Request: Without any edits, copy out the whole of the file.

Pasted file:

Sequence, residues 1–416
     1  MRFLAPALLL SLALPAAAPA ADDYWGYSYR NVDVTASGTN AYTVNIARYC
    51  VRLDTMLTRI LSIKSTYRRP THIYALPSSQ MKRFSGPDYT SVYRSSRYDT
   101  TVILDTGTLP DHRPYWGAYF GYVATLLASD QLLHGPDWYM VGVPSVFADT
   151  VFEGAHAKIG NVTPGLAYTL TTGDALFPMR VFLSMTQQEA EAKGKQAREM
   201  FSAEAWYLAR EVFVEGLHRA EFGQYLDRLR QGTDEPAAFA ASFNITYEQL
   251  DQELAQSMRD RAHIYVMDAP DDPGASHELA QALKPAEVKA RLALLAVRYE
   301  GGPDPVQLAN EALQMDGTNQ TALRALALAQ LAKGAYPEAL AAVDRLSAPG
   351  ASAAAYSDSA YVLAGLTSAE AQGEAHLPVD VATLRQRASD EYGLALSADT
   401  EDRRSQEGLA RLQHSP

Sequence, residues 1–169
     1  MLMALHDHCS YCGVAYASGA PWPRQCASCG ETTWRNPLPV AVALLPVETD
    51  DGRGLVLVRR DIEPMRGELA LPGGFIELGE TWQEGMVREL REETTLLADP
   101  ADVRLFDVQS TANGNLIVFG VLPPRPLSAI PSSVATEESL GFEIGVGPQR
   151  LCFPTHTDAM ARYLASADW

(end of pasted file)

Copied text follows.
Sequence, residues 1–416
     1  MRFLAPALLL SLALPAAAPA ADDYWGYSYR NVDVTASGTN AYTVNIARYC
    51  VRLDTMLTRI LSIKSTYRRP THIYALPSSQ MKRFSGPDYT SVYRSSRYDT
   101  TVILDTGTLP DHRPYWGAYF GYVATLLASD QLLHGPDWYM VGVPSVFADT
   151  VFEGAHAKIG NVTPGLAYTL TTGDALFPMR VFLSMTQQEA EAKGKQAREM
   201  FSAEAWYLAR EVFVEGLHRA EFGQYLDRLR QGTDEPAAFA ASFNITYEQL
   251  DQELAQSMRD RAHIYVMDAP DDPGASHELA QALKPAEVKA RLALLAVRYE
   301  GGPDPVQLAN EALQMDGTNQ TALRALALAQ LAKGAYPEAL AAVDRLSAPG
   351  ASAAAYSDSA YVLAGLTSAE AQGEAHLPVD VATLRQRASD EYGLALSADT
   401  EDRRSQEGLA RLQHSP

Sequence, residues 1–169
     1  MLMALHDHCS YCGVAYASGA PWPRQCASCG ETTWRNPLPV AVALLPVETD
    51  DGRGLVLVRR DIEPMRGELA LPGGFIELGE TWQEGMVREL REETTLLADP
   101  ADVRLFDVQS TANGNLIVFG VLPPRPLSAI PSSVATEESL GFEIGVGPQR
   151  LCFPTHTDAM ARYLASADW